• latitude 9o6’N

    • longitude 41o8’ E

    • altitude 1197 m

  • Season: Three seaosns

    • Dec, 2001-March, 2002

    • April-July, 2002

    • Oct, 2002-March, 2003

  • Treatments: Three water regimes

    • Well-irrigated control (C)

    • Mid-season water deficit (MS)

    • Late-season water deficit (LS)

    • Three crops (drybean, chickpea, cowpea)

  • Design: Split-plot in RCBD (WR: main plot;

    • Water regimes: main-plot; Crops: sub-plot


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    Data collection

    • Phenology

    • Growth, Yield & YC

    • Soil water

    • Physiology (PS, SC, LWP)

    • Canopy and soil temp.

    • Radiation interception

    • Weather

    • Soil (initial, profile)

    • Crop management


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    Methodology…

    • Data organization for DSSAT format

      • data were organized and all the required files created (Soil.Soil, WTH files, Xfiles, A files, T files)

    • Calibration

      • the 2001/2003 well-irrigated treatment of the respective spps.

      • Stepwise calibration followed

        • First phenological parameters using Gencalc

        • Growth and yield: sensitivity analysis using the data in the Tfiles

    • Evaluation

      • Comparing simulated and measured phenology, growth and yield parameters with using

        • RMSE

        • MAD

        • CV (%)

        • Willmot’s Index of agreement (d)

        • Coefficient of determination (R2)


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    Results-Calibration

    Table 1. Calibrated genetic coefficients of drybean, chickpea, cowpea using data from a well-irrigated experiment


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    Result-Calibration…


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    Results-Calibration…


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    Results-Calibration…


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    Results-Model Evaluation

    1. Soil water


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    Results-Model Evaluation…


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    Results-Model Evaluation…

    2. Days to flowering (dap)


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    Results-Model Evaluation…

    3. Physiological maturity


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    Results-Model Evaluation…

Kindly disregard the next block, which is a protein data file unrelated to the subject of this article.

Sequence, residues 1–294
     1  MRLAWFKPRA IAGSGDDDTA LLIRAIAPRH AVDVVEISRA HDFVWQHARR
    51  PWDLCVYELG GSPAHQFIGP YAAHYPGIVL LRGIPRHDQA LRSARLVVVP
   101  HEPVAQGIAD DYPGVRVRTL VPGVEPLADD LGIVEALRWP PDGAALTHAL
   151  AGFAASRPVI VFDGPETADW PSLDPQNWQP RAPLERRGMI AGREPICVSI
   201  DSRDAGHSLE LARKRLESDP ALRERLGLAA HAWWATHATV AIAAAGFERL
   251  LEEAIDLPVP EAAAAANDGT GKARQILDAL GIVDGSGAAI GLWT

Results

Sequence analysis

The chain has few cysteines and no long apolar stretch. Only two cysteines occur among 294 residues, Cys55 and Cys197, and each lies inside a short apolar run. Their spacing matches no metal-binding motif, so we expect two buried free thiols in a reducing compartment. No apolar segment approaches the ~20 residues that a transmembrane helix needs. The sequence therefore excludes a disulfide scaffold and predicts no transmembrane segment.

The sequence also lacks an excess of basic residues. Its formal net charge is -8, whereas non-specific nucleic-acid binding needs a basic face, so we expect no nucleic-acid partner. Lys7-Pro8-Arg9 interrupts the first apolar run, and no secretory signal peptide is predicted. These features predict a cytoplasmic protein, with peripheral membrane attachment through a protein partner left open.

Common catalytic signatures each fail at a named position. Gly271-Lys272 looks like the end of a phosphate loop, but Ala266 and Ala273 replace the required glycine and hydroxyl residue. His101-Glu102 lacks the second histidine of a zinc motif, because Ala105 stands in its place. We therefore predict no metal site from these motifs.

4. Growth-drybean


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    Results-Model Evaluation…

    4. Growth-chickpea


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    Results-Model Evaluation…

    4. Growth-cowpea


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    Results-Model Evaluation…

    4. Grain yield (kg ha-1)


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    Results-Model Evaluation…

    5. Relative yield reduction


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    Results-Model Evaluation…

    5. Simulated WSF vs. Measured LWP


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    Conclusion

    • The CSM-CROPGRO- drybean, chickpea and cowpea models accurately simulated:

      • soil water dynamics in the root zone layer and the duration and intensity of water deficit occurrence during the growing seasons

      • the seasonal pattern of LAI, biomass accumulation and pod growth under different water regimes although accuracy is less in the MS treatment, and

      • grain yield variability with water supply.

  • The models overestimated the duration of physiological maturity under water deficit conditions suggesting the need for further improvement in this regard.


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    Conclusion…

    • If properly calibrated, the models have shown their ability to be used as decision support tools in:

      • irrigation water management,

      • choice of cultivars to different water supply environments,

      • prescreening of genotypes for drought tolerance and

      • determining the occurrence and severity of agricultural drought in the semi-arid tropical environments.


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    THANK YOU for Your Attention!